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  • Writer's pictureJoanne Jacobs

Once they can decode ...

Once students can sound out words, the next step is teaching comprehension, writes Matt Bardin on The 74. Once a middle and high school English teacher, he's worked as a tutor for 25 years. He sees many 11th-graders prepping for the SAT or ACT who can't understand complex texts. They guess.


Students need vocabulary and background knowledge, Bardin writes. It's no help to read "free" and "markets," if the reader doesn't know what "free markets" are.

He also teaches "conscious reading" by "turning words into images and meanings."

When Zora Neal Hurston writes, “Ships at a distance have every man’s wish on board,” students can picture the ships, but most need help with "every man's wish." Bardin has "seen more than a few students" skip over "wishes" and conclude that "Hurston is talking about a bunch of men on ships."

Once students start consciously forming images and meanings as they read, they must follow punctuation, pronouns and transitions to continuously track what the author wanted them to understand. Here’s the full Hurston quote: “Ships at a distance have every man’s wish on board. For some they come in with the tide. For others they sail forever on the horizon, never out of sight, never landing until the Watcher turns his eyes away in resignation, his dreams mocked to death by Time.” If you understood, you did so because your mind tracked the contrast implied by “for some” and “for others” and got that “they” meant “ships,” and that “some” and “others” meant “some men” and “other men.”

"Most people, particularly school-aged children, need explicit instruction and practice to achieve such facility," Bardin writes.


I once tutored a sixth-grade girl, an immigrant from Guatemala, who read a story about Helen Keller without realizing she was blind and deaf. When I told her, the girl was astounded. We went back to a passage in which Helen felt the floorboards move as her family prepared for her new teacher's arrival. My student's eyes lit up. It felt like pumping water on her and signing "water."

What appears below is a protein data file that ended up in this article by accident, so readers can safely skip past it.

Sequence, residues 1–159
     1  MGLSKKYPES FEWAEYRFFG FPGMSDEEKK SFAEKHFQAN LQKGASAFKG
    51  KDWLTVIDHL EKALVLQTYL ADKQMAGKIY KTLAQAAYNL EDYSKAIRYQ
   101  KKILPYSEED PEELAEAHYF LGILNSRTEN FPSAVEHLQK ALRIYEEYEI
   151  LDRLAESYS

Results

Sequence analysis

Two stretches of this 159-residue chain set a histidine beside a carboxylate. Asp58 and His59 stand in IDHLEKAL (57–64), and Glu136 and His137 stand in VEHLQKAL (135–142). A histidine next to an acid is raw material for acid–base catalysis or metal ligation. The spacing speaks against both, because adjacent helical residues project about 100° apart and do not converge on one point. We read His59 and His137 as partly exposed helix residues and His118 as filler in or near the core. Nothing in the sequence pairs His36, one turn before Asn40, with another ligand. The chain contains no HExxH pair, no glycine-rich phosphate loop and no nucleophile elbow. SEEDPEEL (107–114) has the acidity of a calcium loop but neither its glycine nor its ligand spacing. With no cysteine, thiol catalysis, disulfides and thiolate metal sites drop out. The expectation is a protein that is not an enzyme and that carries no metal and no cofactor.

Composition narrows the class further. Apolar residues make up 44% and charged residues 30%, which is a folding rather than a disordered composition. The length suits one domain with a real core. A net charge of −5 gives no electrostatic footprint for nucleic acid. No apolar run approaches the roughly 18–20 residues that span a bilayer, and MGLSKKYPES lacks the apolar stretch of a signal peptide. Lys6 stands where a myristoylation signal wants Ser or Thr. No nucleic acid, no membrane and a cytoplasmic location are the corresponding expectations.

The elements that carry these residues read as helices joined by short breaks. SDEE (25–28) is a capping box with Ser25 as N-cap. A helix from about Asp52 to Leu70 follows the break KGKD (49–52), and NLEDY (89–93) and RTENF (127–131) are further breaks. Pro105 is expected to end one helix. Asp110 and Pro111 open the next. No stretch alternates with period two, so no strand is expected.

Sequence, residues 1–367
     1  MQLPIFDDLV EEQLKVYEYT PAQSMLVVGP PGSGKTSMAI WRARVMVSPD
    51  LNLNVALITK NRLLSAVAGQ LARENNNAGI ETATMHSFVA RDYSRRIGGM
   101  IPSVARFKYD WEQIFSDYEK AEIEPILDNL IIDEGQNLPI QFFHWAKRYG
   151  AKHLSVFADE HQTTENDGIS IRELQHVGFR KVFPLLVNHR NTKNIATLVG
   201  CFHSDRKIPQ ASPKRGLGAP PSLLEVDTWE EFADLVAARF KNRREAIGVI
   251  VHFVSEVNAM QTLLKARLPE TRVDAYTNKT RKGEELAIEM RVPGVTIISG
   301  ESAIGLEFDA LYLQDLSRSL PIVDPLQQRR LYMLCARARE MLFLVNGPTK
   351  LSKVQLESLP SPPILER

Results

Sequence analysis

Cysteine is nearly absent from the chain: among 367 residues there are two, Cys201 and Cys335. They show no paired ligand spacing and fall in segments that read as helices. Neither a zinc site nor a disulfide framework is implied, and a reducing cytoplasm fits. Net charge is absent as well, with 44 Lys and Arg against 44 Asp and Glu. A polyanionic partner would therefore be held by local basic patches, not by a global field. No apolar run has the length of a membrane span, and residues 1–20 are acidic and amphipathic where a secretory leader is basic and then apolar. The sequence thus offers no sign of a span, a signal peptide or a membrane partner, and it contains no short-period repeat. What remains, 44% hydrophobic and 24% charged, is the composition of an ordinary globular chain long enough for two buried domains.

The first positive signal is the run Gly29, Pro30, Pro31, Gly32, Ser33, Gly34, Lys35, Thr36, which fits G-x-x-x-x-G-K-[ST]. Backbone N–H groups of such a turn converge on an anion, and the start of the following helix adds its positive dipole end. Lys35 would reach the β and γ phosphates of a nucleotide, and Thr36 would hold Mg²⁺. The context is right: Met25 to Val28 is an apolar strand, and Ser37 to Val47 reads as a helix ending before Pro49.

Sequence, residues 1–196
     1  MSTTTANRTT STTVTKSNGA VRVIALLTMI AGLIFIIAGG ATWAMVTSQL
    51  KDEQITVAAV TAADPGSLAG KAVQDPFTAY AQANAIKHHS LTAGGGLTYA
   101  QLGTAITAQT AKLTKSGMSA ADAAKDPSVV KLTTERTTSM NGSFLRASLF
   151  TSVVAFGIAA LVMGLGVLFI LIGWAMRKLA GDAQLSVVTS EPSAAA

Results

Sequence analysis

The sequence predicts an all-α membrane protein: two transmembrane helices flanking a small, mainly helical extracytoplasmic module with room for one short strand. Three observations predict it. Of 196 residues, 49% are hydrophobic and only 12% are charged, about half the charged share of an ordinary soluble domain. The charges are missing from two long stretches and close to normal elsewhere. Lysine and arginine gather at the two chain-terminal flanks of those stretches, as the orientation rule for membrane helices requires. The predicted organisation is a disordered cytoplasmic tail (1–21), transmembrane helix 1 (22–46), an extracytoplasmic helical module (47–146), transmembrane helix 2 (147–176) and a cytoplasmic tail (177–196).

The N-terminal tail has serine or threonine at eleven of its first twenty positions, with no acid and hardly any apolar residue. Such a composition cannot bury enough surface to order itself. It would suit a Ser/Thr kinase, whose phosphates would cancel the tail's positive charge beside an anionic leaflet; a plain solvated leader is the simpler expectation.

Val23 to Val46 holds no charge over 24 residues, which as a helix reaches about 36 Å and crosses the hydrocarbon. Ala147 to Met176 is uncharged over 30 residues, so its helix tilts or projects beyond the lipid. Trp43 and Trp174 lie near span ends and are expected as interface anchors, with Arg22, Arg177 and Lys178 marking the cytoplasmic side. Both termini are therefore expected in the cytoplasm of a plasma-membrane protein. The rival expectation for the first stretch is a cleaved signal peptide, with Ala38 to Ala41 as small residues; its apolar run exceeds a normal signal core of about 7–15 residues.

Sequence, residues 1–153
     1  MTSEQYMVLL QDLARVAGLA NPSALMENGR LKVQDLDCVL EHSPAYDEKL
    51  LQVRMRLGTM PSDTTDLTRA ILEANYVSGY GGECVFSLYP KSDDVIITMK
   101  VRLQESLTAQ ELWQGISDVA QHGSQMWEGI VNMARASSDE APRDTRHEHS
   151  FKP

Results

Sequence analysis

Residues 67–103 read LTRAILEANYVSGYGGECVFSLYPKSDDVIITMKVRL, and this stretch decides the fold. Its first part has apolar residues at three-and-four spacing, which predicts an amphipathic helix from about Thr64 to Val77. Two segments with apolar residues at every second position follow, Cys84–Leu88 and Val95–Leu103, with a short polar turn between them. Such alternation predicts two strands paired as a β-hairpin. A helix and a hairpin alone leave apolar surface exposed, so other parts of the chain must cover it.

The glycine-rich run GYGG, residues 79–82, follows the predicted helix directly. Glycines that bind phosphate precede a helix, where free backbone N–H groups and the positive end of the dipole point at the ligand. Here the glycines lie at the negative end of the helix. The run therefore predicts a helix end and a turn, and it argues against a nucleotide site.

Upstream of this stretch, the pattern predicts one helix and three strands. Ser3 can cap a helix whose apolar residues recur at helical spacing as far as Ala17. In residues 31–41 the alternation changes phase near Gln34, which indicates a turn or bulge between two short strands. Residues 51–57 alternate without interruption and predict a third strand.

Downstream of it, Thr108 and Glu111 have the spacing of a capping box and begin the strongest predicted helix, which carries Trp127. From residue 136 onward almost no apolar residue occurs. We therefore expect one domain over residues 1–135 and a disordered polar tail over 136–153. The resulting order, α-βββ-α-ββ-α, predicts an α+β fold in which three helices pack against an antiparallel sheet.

Robert Pondiscio calls for a science of reading comprehension movement, citing a statement by the Knowledge Matters campaign on the need to build on foundational skills, such as decoding:

Foundational skills are literally meaningless unless readers can make sense of words and texts. This sense-making requires knowledge that must be systematically built (not just activated!) through instructional experiences and curricula that evoke curiosity and the desire to learn more.

When Pondiscio taught fifth grade in a low-performing South Bronx school, most of his students could decode but struggled with comprehension," he writes. "The issue was not lack of student engagement, culturally relevant pedagogy,' or our failure to get students to fall in love with books, which New Yorker writer Jessica Winter eviscerates as "vibes-based literacy." It was the inevitable result of an education that was, as I’ve written elsewhere, all mirrors and no windows."

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Guest
Dec 06, 2022

Hurston's passage is lovely, but for most readers it is so allusive as to represent the most difficult type of challenge in comprehension. I would settle for students being able to understand a daily newspaper or the instructions on how to use a household cleaning product.

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Guest
Dec 02, 2022

So, I'm not sure about "teaching comprehension." I think the core knowledge folks have it right --- teach content rich curriculum, and encourage beginning readers to sound out words and say them out loud and read with expression while reading to them from things about their reading level The comprehension comes along with the ability to sound things out, if they have knowledge. And teach them to use a dictionary. At higher grades I tell my kids that if they are approaching an unfamiliar subject, they should read a children's book on it first, just to learn the vocab and the broad picture of things. It's a great hack for middle and high school kids. And finally, MAGIC TREE HOUSE. Seriously.…


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Guest
Dec 02, 2022

Yes, the Zora Neal Hurston analogy is very dated and will be hard for anyone born after 1950 to really feel without a lot of work. Even then it is a poor analogy. And I say that as someone who went to see and can viscerally feel themselves on board one of those ships.


Many things is old writings are now lost to in the modern experience. Consider this about the horse culture of 1900 (written in 1950) and think of how a student born in 1980 might fathom such a reality when reading a story with horse and buggy travel:


But horses were everywhere, pulling surreys, democrats, buggies, cabs, delivery wagons of every sort on Main Street, and pulling…
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Guest
Dec 02, 2022
Replying to

Lovely, but there was also the oppressive stench of horse manure and urine everywhere.


Ann in L.A.

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